“This is going to be thoroughly discussed,” said Floyd County Commission Chairman Irwin Bagwell following a meeting with Floyd County, city of Rome and industry executives at the Greater Rome Chamber of Commerce this week.
Tom Watters, chief operating officer at Syntec Industries, told the government officials that House Bill 386 would have ramifications for more than 100 manufacturers in Rome and Floyd County.
“Implementation of this new excise tax would be akin to hanging the ‘Manufacturing Not Wanted’ sign in Floyd County,” Watters said.
Floyd County Manager Blaine Williams and Floyd County Finance Director Gary Burkhalter put together an estimate of the local revenue generated by a 1-percent sales tax on energy for 113 manufacturers, and the amount totaled $1,784,778.
Based on the negotiated split of the sales tax by local governments, Williams figures indicate the county would lose $1,008,399, the city of Rome would lose $744,252, and the city of Cave Spring would lose $32,126.
Williams projected the savings to industry could range from $10,669 for the smallest of manufacturers to $32,330 for larger manufacturers.
City Manager John Bennett said that at this point the most challenging part of the issue is not knowing exactly how much revenue will be lost.
“Cartersville, Calhoun and Dalton have utilities and they know to the penny how much it’s going to cost them,” Bennett said. “Our main competitors (in the region) have gas and electricity which they can negotiate.”
Ken Wright, director of business and industry services at the Greater Rome Chamber of Commerce, said the community could recoup the lost revenue from the energy tax by recruiting one large industry, but Bennett quickly pointed out that most new industries get a five- or 10-year tax abatement.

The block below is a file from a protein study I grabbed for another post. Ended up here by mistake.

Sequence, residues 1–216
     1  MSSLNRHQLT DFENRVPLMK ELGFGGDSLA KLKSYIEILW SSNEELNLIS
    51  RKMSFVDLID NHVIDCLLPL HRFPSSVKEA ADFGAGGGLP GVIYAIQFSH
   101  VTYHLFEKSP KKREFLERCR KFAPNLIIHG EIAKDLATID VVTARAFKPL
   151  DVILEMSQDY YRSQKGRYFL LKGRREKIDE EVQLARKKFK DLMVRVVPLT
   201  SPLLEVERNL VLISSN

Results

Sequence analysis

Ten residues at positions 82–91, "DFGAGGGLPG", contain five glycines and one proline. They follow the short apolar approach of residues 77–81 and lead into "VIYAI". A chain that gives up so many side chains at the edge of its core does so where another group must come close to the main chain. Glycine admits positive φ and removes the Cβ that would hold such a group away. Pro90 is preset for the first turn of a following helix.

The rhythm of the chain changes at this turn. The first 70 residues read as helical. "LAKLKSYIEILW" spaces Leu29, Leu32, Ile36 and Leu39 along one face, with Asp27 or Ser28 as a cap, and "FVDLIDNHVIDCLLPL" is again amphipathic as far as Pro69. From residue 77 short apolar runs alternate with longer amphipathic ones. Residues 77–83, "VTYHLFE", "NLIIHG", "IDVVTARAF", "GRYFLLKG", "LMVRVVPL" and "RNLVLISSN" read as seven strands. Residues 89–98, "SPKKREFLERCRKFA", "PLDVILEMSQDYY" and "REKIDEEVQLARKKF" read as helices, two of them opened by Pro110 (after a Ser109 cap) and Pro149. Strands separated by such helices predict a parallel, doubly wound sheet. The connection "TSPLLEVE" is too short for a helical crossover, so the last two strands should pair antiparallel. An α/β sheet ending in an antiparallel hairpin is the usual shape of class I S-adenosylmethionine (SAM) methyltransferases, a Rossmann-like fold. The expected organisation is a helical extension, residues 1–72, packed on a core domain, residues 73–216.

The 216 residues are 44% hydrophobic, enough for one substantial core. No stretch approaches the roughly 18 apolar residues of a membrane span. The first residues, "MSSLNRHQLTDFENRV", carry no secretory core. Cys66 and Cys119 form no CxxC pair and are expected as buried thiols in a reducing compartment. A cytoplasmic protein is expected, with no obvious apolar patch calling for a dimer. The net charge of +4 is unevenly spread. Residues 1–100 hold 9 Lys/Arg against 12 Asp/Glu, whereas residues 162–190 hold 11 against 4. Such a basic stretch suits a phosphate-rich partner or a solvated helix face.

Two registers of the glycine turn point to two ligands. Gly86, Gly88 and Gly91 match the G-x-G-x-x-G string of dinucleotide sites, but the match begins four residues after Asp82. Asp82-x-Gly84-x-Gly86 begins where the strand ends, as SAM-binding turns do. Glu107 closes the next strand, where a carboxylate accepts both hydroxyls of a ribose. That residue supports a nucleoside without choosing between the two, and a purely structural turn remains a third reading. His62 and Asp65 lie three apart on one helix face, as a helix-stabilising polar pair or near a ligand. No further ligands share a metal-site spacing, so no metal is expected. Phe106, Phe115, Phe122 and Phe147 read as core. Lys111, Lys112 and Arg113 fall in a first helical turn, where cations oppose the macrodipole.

“What we are thinking about is the immediate impact,” Bennett said.
The statewide sales tax on energy will be phased out over four years. In 2013, 75 percent of the tax will be collected; 50 percent will be collected in 2014; and the amount drops to 25 percent in 2015 before the levy would go away completely in 2016.
If a local community were to adopt the excise tax in a bid to reclaim potentially lost revenue, that tax would be phased in over the same four years, with local communities getting 25 percent in 2013, 50 percent in 2014 and 75 percent in 2015. That way the tax commitment remains consistent for the manufacturers.
Rick Mills at the International Paper plant in Coosa told the group that IP looks at its expenses very carefully when it comes to making decisions regarding potential investments in its facilities.
“We count every square foot of board,” Mills said. “Any investment in the
plant would be a benefit to the community, and not having to pay a sales tax on energy used in manufacturing would be a plus for the Rome plant.”
“These decisions are going to affect our grandchildren,” Watters said. “If we can’t compete we won’t be here.”
He also said energy is the single most expensive cost for manufacturing, behind raw materials and, potentially, labor.
Hank Millsaps of Neaton Rome and Keith Grigsby from Suzuki also attended the meeting but did not offer any comments.
In terms of industrial recruiting, the elimination of the tax on a statewide basis removes one impediment that Georgia faced in comparison to other states in the Southeast. Whether or not local governments can afford to take another huge hit on the revenue side after five years of belt tightening remains to be seen.
“We’re going to continue to squeeze efficiency out of our government,” Williams said. “If you take the tax away, of course, you can imagine it gets a lot more drastic.”